Here’s a checklist of what you wll need to bare in mind when raising funds for your startup company:
1- Do you need money? Why now?
In many cases, you don’t need to raise money. Especially at the early states of your business, you’ll need to operate on “sweat equity” for as long as possible and keep ownership of your business.
In order for your business to be investable, there will need to be enough growth prospecst for investors to make a return on their investment. If these 2 conditions are met, then you can proceed with the following:
2- Understand your options
You can raise equity, debt, or a mix of both. When raising debt you don’t have to give away ownership in your company, and, especially with all-time-low interest rates, that could certainly be attractive, but you should also understand:
– Debt is better suited for companies that have assets (either hard assets or cashflow), and;
– debt is more suitable for companies that already have positive cashflow.
The easiest way to raise equity is from the bank, or online lenders like Funding Circle.
If you are at an early stage, you are more likely to raise equity. The following sections outline how to approach investors to raise money.
3- Build a Pitch Deck Presentation
A teaser or pitch deck is a brief summary about your business and the investment opportunity for the investor. There’s no exact recipe on how to create a pitch deck, but you should be to-the-point and keep it visual. Remember that investors receive a lot of them every day.
You can use pitch deck tool to create a professional pitch deck. Remember to tell your story, know your numbers, and appeal to the investor.
Your pitch deck will need to showcase the investment proposal to the investor(s). You can use our company valuation tool here to value your company if you need help.
4- Do Your Homework
Research the type of investors that could be interested in your business. If you are raising equity, you can target business angels or Venture Capital firms (VCs). You can filter the potential investors according to 3 main categories:
a- Your growth stage
i. Early Stage investors ($0-$100k in sales): also known as pre-seed or seed investors, they value the team, idea and ability to execute the plan. They’ll usually expect a lower valuation of the company. They usually invest from $20k to $150k.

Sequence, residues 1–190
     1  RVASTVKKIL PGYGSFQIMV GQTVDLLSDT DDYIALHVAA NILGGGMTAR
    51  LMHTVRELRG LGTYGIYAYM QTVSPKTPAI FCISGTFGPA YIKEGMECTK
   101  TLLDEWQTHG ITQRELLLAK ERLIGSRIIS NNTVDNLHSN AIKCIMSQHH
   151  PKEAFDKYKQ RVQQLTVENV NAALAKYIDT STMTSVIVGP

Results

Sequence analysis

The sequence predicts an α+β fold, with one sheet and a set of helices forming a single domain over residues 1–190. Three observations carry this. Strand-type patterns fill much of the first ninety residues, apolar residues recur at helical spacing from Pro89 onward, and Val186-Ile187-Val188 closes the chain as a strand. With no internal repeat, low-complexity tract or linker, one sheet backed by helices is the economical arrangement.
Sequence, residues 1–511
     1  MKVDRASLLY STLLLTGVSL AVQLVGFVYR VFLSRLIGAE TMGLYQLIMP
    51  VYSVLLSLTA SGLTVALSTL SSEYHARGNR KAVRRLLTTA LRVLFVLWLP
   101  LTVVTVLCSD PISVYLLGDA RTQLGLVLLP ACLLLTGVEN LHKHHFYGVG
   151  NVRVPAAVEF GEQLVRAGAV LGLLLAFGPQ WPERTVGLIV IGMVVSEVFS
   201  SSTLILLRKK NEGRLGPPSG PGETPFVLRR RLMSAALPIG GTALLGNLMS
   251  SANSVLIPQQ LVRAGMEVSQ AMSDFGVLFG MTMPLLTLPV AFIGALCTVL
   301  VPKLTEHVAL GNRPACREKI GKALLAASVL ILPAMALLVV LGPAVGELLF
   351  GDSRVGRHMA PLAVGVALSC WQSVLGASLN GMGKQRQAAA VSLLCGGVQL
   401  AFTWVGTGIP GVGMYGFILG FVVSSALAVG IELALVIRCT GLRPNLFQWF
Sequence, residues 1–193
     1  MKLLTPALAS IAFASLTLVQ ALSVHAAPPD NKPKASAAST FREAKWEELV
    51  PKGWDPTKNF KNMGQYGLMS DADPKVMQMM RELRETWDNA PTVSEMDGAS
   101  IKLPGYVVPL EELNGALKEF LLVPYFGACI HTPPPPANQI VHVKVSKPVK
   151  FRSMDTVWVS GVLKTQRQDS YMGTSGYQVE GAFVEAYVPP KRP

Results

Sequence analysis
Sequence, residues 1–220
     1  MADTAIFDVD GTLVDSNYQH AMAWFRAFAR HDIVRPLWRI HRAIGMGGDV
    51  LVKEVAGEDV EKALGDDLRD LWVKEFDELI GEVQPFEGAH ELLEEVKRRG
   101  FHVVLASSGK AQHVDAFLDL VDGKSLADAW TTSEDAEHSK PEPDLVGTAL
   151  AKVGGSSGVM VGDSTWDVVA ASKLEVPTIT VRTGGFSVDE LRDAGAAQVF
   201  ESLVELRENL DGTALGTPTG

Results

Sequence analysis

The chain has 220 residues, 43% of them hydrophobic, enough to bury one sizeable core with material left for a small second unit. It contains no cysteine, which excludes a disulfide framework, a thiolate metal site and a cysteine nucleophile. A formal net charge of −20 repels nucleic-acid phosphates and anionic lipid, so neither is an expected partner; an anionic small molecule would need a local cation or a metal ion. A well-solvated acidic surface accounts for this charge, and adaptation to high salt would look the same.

ii. Growth investors ($100k-1M in sales): also know as series A or series B investors, they look for established companies with proven track record which are ideally profitable already. They usually take lower amount of equity as they have less risk given the proven model reflected by historic sales of the company, and they have wider investment firepower which can range from $300k to millions.
b- Your industry & business model
Investors, especially VCs, tend to have a finite mandate so they can build deep domain expertise in a handful of industries and business models.
c- Your geographical market
Although some investors have a global mandate, in general they tend to focus on specific regions.
With this in mind, do your research to short list the right type of investors. Approach them with personalised emails, and if possible demonstrating to them that you took the time to study their mandate, previous investments, and current needs, so you can have a positive first impression and start off on the right foot.
Be prepared for a lot of rejection, I mean, possibly hundreds of times. You shouldn’t take rejection personally, and instead try to gather critical feedback so you can improve your business model and presentation to increase your odds with the next investor.